The U.S. Centers for Medicare and Medicaid Services (CMS) has announced the capitation rates for hospice care under the value-based insurance design model (VBID), often referred to as the Medicare Advantage hospice carve-in.
The agency indicated that medicare advantage organizations (MAOs) during the first month of a patient’s stay would receive Medicare A/B capitated payments, as well as a Medicare Advantage rebate and a monthly payment for prescription drugs. Also during the first month, CMS would give MAOs a capitation payment that corresponds to the number of days the patient spent in hospice during that month.
“The key difference between this model and Medicare Advantage is that the payment rates will not be risk adjusted. There’ll be other adjustments but there’s no risk adjustments,” Rich Coil, an actuary with CMS said during an agency conference call. “The payments were developed to be budget neutral relative to the current state. There’s a key difference that the [hospice] rates today are paid on a per diem over a per hour basis. We’re making a monthly capitation payment.”
This payment would total $1,764 for the first six days of the patient’s hospice stay, and then $3,330 for days seven through 15. For the 16th day through the end of the first month the MAO would receive $5,291.
For the second month of the stay through the end, the monthly capitation payment would total $5,187.
CMS based the hospice capitation rates on the policies that presently govern rate setting through Medicare Advantage, including the use of base experience for multiple years, localized rates developed through use of an average geographic adjustment, as well as base data trended to contract year.
“Today Medicare Advantage plans are paid on a capitated monthly rate to provide services that are provided under Part A and Part B of Medicare. But obviously because they don’t [currently] include the hospice services in those benefits under Medicare Advantage, the payment rate that Medicare Advantage plans are paid excludes any costs related to hospice care,” said Matt Kazan, principal at the health care consulting firm Avalere, told Hospice News. “Under this demonstration Medicare Advantage plans are going to be asked to provide more benefits than they do today. The Center for Medicare & Medicaid Innovation said they will pay them an extra capitated amount that will be based on hospice fee-for-service costs.”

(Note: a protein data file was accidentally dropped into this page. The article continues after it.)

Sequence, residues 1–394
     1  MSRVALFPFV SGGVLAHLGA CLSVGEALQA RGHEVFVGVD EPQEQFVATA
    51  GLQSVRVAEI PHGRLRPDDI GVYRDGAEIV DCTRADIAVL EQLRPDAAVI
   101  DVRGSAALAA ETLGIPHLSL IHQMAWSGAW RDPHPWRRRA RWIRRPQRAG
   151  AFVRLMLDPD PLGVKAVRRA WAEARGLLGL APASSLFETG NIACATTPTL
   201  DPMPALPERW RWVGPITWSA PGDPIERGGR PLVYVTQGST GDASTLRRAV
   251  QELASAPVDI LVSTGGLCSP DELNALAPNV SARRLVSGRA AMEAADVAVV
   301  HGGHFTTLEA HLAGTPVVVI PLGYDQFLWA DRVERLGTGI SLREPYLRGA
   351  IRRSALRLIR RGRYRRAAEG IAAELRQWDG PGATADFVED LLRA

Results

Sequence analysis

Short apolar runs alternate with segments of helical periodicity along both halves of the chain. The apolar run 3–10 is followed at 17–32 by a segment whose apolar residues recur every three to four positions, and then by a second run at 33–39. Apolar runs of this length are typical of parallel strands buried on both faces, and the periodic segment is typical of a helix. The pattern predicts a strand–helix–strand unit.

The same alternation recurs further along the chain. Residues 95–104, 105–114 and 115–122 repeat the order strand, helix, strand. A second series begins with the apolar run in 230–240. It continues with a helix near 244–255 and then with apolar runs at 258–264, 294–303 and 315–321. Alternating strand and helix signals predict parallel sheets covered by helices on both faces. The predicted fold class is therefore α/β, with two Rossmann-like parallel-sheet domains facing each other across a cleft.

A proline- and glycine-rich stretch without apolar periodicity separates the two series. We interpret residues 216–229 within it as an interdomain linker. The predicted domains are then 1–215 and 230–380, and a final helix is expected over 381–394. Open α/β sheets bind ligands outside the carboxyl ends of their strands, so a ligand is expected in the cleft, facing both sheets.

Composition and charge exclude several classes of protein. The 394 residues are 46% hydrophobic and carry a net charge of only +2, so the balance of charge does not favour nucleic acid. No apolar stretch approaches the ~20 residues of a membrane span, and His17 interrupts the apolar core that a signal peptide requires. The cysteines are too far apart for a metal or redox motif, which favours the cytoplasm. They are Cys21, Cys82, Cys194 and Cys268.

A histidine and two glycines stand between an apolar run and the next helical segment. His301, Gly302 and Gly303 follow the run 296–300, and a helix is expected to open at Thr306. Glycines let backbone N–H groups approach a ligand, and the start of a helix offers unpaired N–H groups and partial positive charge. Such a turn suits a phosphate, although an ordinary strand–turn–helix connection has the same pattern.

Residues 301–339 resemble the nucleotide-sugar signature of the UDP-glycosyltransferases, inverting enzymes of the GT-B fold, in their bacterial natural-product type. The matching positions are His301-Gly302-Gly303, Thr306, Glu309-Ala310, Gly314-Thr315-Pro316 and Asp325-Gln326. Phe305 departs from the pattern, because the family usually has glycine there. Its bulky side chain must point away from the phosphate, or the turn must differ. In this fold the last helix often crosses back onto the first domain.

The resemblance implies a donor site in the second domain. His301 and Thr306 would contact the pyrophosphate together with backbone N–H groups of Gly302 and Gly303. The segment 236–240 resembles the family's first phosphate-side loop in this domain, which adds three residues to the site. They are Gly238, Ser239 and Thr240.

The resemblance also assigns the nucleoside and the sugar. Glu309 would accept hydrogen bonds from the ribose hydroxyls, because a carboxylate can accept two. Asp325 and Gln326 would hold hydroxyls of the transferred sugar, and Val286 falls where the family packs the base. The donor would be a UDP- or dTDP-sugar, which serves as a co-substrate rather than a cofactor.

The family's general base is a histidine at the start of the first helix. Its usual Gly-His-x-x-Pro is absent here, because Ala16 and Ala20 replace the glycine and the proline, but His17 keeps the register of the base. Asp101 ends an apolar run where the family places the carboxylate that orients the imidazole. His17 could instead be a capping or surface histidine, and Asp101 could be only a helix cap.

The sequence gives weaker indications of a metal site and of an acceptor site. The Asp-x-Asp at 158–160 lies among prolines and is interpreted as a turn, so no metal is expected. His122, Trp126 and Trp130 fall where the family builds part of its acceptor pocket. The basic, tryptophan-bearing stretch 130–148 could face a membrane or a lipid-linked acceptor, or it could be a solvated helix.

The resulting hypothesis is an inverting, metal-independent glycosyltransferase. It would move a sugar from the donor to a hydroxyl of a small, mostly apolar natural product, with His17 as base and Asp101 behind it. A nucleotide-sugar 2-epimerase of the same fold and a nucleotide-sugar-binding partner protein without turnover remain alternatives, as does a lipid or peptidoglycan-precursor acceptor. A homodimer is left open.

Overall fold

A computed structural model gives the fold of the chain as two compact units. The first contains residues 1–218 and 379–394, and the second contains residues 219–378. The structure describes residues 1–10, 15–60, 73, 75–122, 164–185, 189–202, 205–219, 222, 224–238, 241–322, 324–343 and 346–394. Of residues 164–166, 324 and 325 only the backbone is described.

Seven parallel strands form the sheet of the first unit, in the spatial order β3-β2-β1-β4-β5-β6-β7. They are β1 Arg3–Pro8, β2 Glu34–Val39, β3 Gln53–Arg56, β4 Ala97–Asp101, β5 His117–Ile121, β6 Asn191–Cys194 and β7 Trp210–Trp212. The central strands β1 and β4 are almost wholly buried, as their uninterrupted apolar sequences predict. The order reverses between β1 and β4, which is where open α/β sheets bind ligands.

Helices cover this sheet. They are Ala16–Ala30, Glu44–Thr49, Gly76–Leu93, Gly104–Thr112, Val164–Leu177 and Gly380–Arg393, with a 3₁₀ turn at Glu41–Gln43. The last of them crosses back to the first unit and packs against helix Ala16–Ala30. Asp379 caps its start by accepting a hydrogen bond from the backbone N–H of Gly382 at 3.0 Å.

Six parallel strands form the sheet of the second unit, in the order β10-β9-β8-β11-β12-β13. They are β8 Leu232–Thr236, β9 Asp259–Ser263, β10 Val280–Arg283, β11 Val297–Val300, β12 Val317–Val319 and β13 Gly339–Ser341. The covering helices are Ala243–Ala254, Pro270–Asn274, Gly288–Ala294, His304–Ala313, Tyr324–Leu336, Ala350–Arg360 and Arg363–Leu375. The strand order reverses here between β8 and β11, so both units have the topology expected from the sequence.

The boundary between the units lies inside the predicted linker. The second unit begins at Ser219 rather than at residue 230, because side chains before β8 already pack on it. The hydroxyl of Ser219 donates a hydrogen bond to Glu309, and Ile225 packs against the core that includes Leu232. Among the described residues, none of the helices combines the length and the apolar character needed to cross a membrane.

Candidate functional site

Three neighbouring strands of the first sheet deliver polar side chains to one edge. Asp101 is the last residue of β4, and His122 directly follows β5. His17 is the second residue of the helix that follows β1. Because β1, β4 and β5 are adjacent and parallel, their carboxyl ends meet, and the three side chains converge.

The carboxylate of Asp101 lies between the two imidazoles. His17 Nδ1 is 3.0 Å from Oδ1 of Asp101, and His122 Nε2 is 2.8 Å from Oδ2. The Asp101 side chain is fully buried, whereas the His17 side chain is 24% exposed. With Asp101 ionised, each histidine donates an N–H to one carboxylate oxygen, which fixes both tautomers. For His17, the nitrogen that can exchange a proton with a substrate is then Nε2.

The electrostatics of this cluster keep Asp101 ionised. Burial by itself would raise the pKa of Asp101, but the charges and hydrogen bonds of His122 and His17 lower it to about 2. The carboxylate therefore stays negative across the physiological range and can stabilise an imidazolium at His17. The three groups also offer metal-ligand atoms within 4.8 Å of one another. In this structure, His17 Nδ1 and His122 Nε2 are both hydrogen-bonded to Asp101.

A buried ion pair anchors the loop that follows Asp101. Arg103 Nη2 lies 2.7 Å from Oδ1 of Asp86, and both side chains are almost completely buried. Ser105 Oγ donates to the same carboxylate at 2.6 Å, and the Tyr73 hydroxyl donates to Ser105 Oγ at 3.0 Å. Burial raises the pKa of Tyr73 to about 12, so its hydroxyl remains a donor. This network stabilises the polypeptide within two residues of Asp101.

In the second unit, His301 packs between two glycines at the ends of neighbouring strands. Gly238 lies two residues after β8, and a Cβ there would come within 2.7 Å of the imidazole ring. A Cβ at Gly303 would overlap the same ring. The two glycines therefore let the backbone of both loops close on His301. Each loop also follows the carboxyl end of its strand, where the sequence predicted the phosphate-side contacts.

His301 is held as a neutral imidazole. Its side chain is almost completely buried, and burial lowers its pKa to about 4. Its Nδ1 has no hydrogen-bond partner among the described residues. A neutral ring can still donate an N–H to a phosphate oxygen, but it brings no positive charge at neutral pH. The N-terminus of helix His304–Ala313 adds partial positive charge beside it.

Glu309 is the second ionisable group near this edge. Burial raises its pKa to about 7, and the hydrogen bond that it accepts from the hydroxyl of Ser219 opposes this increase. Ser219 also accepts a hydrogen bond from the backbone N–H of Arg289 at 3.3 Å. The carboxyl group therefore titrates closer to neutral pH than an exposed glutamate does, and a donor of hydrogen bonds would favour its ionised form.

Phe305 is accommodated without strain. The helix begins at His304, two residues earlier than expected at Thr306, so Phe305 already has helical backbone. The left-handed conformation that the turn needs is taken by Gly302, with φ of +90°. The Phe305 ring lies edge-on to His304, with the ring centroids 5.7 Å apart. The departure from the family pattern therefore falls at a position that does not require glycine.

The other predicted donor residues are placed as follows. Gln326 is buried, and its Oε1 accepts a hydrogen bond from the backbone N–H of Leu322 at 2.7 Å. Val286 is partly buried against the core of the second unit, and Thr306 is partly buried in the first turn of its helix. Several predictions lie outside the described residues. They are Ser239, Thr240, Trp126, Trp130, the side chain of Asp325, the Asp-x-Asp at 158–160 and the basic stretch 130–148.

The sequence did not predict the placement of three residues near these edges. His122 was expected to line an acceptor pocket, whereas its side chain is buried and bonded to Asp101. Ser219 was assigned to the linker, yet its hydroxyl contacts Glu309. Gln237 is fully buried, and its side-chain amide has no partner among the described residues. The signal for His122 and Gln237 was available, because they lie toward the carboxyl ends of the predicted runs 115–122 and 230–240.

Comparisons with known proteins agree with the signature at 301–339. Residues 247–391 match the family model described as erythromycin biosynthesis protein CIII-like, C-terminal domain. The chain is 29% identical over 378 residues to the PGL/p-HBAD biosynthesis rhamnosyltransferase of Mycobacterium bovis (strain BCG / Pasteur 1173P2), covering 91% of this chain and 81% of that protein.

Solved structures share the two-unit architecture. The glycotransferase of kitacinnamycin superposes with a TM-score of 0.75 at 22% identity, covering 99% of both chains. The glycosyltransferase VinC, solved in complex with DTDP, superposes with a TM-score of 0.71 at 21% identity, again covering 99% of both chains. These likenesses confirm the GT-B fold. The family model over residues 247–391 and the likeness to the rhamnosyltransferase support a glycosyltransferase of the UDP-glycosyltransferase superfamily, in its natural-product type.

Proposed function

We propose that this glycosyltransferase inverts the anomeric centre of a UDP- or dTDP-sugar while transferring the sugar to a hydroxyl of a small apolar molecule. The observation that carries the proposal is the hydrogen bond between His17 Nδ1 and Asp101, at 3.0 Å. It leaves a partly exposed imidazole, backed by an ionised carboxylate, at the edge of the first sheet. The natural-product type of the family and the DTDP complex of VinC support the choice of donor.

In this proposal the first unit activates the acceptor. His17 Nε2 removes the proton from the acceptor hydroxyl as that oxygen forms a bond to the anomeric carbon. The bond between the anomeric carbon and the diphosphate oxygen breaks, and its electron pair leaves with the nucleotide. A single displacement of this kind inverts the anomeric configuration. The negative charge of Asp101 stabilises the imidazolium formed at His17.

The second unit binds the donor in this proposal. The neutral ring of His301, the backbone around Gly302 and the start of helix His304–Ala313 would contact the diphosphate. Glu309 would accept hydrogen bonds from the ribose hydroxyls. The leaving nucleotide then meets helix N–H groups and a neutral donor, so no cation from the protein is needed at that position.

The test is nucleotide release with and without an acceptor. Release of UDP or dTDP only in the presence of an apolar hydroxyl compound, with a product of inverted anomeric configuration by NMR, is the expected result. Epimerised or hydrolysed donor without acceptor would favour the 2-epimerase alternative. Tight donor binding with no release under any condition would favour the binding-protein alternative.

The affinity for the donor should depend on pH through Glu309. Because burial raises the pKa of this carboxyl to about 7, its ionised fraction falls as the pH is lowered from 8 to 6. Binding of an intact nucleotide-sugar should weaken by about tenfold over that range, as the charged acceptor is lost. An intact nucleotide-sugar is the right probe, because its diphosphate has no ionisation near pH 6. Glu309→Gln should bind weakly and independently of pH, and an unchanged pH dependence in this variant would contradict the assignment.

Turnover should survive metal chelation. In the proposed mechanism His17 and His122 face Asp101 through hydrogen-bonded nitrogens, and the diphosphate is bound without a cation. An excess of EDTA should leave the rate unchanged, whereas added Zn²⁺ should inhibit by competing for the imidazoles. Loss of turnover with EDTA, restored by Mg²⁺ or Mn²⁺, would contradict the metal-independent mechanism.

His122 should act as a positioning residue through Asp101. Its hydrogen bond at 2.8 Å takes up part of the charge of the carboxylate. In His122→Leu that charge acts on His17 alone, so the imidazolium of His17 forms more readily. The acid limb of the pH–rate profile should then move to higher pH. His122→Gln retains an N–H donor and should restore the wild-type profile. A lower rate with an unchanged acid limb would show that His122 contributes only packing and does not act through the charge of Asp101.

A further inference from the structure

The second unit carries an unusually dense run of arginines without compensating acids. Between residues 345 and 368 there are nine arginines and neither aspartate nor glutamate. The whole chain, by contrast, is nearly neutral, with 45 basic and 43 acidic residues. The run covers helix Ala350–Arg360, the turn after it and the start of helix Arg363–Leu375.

The Medicare Advantage program has been growing in recent years. The number of participating beneficiaries tripled between 2019 and 2020, totaling nearly 1.2 million enrollees in 30 states, according to CMS.
CMS earlier this year announced that it would test coverage of hospice care through Medicare Advantage plans. The demonstration is designed to increase access to hospice services and facilitate better coordination between patients’ hospice providers and their other clinicians, according to CMS. Reactions to the demo have been mixed in the hospice community, with some applauding the move and others expressing worry about potential payment cuts, among other concerns.
Medicare Advantage plans are offered by private insurance companies approved by CMS, and include HMO, PPO, and fee-for-service plans among other options. The program represents an integrated care model that promotes coordination of services and provides incentives for quality and patient satisfaction. Beginning in 2020, the program will be available in all 50 states as well as U.S. territories.